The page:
It's probably safe to assume that all-wheel drive and the company's new nine-speed automatic would be part of a high-performance Cherokee, but what gets wedged in the engine bay is a matter of discussion. Allpar hypothesizes about everything from a force-fed 3.0-liter Pentastar V6 with 375 to 410 horsepower (depending on whether it goes single or twin turbo), or even a 400+ horsepower application of the 3.0-liter twin-turbo engine from Maserati, but it's hard to envision the beancounters approving such a scenario. There's also the possibility of this Jeep getting a version of the company's 2.4-liter turbo four with 300 horsepower, but the 3.2-liter Pentastar V6 that will be available in the standard Cherokee already makes 271 horsepower, and SRT has a history of making sure its models have greater power differentials than such a drivetrain scenario would suggest.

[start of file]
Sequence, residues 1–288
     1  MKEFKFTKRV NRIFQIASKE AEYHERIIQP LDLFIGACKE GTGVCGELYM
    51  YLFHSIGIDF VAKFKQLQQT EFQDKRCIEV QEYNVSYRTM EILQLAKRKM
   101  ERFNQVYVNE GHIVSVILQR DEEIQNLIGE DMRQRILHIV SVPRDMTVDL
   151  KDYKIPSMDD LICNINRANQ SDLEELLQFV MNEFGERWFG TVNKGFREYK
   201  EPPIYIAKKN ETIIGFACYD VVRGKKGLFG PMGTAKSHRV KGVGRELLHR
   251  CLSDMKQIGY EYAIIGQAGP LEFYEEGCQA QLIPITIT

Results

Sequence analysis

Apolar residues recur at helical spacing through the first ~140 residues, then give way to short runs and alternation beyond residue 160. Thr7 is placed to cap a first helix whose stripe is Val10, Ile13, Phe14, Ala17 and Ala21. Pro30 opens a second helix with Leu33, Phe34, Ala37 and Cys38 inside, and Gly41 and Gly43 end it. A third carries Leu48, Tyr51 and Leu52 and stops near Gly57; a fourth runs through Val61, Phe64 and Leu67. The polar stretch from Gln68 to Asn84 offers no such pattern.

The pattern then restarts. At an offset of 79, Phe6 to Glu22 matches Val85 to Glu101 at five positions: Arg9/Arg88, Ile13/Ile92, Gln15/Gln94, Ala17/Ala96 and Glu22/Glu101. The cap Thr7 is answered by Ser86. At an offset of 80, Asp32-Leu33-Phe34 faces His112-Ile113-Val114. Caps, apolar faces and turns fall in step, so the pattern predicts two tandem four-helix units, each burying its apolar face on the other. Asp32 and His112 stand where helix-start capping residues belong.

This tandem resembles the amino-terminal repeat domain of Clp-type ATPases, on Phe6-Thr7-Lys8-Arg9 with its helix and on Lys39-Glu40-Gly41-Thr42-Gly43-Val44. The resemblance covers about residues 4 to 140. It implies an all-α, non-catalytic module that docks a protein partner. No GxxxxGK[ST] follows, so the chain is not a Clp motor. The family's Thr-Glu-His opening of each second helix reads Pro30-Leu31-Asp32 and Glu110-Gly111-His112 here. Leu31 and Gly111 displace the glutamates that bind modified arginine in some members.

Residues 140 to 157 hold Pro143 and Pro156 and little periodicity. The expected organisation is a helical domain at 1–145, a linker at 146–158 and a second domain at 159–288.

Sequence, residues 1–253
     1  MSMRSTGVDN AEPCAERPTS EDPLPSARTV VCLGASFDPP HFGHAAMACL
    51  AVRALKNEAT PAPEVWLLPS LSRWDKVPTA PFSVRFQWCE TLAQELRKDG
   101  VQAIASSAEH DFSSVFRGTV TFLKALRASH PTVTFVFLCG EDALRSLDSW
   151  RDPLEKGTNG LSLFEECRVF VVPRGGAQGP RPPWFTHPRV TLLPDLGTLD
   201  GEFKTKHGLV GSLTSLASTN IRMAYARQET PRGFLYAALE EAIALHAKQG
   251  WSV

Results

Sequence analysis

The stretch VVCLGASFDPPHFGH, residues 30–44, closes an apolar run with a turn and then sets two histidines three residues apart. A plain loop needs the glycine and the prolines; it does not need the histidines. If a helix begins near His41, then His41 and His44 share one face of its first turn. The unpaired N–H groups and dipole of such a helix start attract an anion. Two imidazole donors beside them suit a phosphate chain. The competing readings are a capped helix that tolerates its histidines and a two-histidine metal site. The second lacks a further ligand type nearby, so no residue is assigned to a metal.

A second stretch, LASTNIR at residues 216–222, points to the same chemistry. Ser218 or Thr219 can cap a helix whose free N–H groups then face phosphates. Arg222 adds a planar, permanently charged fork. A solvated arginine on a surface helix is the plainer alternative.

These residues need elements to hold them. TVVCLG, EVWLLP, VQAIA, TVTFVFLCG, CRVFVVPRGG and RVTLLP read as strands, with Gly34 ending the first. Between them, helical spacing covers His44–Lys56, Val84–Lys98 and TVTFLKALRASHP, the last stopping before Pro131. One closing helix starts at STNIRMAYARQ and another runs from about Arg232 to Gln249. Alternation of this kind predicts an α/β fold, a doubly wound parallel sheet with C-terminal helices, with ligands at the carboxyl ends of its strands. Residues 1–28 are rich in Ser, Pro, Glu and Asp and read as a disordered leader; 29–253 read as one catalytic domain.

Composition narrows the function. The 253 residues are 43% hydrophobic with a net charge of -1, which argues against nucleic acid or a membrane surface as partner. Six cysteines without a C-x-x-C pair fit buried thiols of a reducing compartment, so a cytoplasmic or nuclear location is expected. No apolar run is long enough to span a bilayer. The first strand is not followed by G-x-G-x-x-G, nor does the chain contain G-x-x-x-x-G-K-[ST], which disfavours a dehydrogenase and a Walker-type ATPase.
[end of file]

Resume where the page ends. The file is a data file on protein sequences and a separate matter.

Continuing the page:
High-power, road-biased utility vehicles are nothing new for Jeep (or the industry at large), but a Cherokee SRT would appear to have no natural competitive set to line up against. If the hi-po Cherokee gets the green light, it will be interesting to see whether that turns out to be an advantage or an impediment to the model's chances for success.